She smiled briefly at the thought of a Billy Pan, glancing over her shoulder to watch the boy sitting with his shipmates, telling stories around a small fire in one of Cookson's pots. He's a pirate, and hardly innocent and pure… but then, neither was I when they chose me, and I did a good job of it until my secret came out.
The small group of pirates looked surprisingly friendly and warm, and Peter felt a yearning for companionship swell within her. She walked towards them without even thinking about it, but as soon as she stepped within the light of their fire Hook's door opened and the Captain strode out. His piercing eyes searched the deck for an instant before locking upon her, and he gave her a smile that held no warmth.
"It's bedtime, Pan," Hook announced as he strode up to her. His posture was menacing, and Peter quickly suppressed the urge to argue, realizing that the man fully expected her to fight. I won't give him a reason to lock me away again. I have to be able to talk to Billy.
"Aye, aye, Captain," she replied, turning away from the men with a regretful sigh. She held out her arm for Hook to take and felt a touch of smugness at the surprised look on the captain's face. See? You DON'T know me as well as you think you do! She maintained her compliant façade as Hook escorted her below, pretending that this was all some great joke she was playing on Hook and not that she was helpless as his prisoner and forced to do his bidding. It helped… somewhat.
The room looked as it had before her escape, furnished with a bed, a trunk, a small table with chairs and a vanity. The bed was turned down and seemed, after sleeping nearly a week on a cold floor, immensely inviting. Peter sat on it and smiled lightly at the thought of a comfortable night's sleep. Her smile faded an instant later when Hook knelt in front of her and grabbed her ankle, eliciting a startled cry from the girl.
"Would you rather sleep in chains, Kitten?" Hook teased the girl, maintaining a firm grip on her foot.
"Of course not," Peter returned, stilling so that the man could release her from the heavy chains. She didn't even try to hide her sigh of relief once the weights were removed from her ankles and wrists.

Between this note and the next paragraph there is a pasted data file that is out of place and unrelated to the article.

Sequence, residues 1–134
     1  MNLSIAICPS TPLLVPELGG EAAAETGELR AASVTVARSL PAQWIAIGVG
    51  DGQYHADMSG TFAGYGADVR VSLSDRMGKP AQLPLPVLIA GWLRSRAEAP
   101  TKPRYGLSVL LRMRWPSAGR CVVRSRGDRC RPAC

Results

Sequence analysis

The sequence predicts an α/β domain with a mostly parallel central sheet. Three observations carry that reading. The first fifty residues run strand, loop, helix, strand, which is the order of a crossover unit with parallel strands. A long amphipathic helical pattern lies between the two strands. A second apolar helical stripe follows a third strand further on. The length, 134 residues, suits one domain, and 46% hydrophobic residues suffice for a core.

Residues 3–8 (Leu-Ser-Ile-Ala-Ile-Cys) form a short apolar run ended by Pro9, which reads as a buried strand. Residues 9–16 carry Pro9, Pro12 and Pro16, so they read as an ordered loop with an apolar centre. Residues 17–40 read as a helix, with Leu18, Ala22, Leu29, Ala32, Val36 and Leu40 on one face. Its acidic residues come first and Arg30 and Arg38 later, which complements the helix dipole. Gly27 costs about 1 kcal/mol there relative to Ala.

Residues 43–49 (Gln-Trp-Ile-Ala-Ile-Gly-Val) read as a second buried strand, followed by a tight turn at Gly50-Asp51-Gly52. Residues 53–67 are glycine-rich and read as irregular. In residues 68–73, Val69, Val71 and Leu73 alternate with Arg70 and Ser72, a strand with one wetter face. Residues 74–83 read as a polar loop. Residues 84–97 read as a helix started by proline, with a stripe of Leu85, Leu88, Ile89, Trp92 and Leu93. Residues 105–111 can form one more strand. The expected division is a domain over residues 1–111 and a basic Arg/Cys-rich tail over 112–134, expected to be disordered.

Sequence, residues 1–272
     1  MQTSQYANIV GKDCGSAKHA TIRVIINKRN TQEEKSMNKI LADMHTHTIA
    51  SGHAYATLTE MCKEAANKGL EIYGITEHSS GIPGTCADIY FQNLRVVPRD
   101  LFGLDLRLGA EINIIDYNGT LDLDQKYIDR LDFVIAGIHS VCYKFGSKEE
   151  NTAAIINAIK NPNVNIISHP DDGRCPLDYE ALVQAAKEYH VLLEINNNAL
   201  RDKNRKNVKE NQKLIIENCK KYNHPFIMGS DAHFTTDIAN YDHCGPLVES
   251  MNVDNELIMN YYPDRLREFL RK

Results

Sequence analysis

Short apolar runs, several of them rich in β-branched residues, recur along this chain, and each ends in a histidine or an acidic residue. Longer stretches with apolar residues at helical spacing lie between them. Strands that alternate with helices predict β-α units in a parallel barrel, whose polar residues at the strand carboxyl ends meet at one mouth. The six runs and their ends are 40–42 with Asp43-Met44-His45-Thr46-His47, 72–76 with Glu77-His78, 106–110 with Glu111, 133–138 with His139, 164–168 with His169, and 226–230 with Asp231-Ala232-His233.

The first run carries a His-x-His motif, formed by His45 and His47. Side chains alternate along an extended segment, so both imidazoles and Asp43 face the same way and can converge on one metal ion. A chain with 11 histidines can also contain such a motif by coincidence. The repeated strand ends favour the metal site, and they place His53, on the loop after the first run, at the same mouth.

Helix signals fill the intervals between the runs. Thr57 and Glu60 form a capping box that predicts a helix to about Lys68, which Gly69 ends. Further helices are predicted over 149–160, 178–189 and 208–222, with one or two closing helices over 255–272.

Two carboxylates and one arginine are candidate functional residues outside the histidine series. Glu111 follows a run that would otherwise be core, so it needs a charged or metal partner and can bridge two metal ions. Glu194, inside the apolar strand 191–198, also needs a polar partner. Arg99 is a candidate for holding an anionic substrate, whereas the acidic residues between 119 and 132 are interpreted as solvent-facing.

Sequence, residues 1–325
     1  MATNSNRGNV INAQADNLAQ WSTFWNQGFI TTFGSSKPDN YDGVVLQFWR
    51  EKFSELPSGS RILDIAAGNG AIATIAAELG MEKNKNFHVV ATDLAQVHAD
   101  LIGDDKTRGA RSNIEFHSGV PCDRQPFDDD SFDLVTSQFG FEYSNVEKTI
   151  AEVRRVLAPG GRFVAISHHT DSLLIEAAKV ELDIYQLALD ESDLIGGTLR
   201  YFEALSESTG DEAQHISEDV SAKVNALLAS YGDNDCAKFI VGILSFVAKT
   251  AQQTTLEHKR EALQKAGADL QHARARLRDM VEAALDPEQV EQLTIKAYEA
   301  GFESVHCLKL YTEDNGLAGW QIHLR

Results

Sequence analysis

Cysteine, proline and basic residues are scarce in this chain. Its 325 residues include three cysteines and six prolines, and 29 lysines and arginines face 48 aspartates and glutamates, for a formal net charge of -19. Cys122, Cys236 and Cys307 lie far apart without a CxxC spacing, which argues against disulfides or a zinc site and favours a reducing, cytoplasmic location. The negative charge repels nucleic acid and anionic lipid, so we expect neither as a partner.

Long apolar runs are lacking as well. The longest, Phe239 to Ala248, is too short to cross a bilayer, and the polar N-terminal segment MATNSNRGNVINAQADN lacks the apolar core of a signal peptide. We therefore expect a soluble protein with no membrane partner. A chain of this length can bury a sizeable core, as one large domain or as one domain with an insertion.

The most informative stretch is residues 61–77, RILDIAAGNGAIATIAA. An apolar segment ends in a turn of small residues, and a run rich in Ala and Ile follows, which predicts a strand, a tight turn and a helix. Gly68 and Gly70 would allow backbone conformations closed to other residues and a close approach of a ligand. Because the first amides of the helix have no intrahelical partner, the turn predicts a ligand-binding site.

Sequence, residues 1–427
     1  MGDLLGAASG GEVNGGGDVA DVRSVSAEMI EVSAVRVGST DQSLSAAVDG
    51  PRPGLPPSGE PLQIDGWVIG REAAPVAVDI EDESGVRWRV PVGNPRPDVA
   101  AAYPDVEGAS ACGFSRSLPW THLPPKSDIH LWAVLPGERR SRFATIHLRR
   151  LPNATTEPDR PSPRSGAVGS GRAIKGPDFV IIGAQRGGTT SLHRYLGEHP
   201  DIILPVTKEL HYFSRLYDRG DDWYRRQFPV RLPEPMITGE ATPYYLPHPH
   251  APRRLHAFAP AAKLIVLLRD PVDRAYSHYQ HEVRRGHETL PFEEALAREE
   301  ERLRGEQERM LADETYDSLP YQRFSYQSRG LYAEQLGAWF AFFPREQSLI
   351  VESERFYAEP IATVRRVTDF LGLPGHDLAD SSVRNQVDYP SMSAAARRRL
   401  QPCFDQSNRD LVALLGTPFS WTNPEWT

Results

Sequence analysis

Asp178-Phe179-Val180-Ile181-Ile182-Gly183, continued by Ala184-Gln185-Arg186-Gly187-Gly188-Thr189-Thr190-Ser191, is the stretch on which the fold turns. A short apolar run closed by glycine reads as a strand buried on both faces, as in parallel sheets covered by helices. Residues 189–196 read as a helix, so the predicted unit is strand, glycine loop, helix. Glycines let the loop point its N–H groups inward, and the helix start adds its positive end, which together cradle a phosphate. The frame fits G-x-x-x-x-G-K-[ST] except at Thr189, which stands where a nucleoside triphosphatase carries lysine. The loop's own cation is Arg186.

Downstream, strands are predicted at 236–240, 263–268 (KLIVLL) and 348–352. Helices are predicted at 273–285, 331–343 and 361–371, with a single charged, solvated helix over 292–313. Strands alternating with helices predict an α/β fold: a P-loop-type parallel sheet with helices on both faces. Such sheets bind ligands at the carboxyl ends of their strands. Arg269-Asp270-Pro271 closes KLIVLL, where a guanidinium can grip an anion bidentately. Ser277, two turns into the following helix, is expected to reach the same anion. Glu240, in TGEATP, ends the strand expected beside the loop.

Hook frowned as he examined the girl's reddened skin where the restraints had already begun to chafe, realizing that the heavy restraints were going to cause Peter serious problems if she had to wear them for too long. "I'll have Jukes line these with something to keep them from rubbing," he murmured, gathering up the chains and turning to leave. "I'll fetch you in the morning, my dear. Sleep well."
"Leave the light!" Peter blurted as he approached the lantern, the thought of yet another night spent locked in this room unable to see making her sick to her stomach. "Please, I don't like the dark." She hated the pleading tone to her voice, but she hated the darkness even more.
Hook, on the other hand, felt more than a little satisfaction at her tone of voice. His Kitten was again asking him for something, and doing it in a most un-Pannish way by saying 'please'. "Since you've been such a good girl today, Kitten, I'll let you keep your light." He gave her a warm smile before making sure the lantern was secured and wouldn't cause a fire. "You see? I can be a very reasonable man if you only behave. The sooner you learn that lesson, the sooner you'll discover that life with me needn't be unpleasant." Peter didn't respond, staring at him with and expression that seemed to be relief tinged with defiance. "Good night," he bid her and left the cabin, locking the door behind him.
Peter shook her head, emotions warring within her and leaving her suddenly exhausted. She was worried about her future, yet relieved that her plan to make Billy her heir had gotten of to such a grand start. She was angry at Hook and frustrated by her resolve to keep her temper in check and to be as obedient towards him as she could manage, a trick she was long out of practice performing. Yet she was, oddly, somewhat grateful towards the man. He had, after all, been there for her when everyone else had abandoned her, and had been someone she'd come to depend upon and even to trust. But he's Hook! He can't be trusted, he proved that when he refused to let me go home because he was more interested in owning me dead than letting me live free. But she missed the man she'd thought cared about her, the man who had reassured her and comforted her, the man who had cared for her when she was injured and protected her from her godparents' wrath.
That man didn't really exist. He did those things for his own selfish reasons, not because he cared about me. No one really cares about me, or I wouldn't be here right now. Hook just wants to own me, as a way to punish me for cutting off his hand. My godparents only want me because they can't find someone to take my place. My Lost Boys don't even miss me I bet… I wonder if Nibs ever came back to see me?
It doesn't matter, she told herself, pushing away her depressing thoughts. Concentrate on Billy from now on, he's our only hope. Peter closed her eyes, planning how best to gain the boy's trust and trying to think of all the different ways she could try to make him comfortable with the thought of using magic. Eventually she slipped into sleep, and dreamed dreams of flying through the forests of Neverland, Billy gliding effortlessly by her side.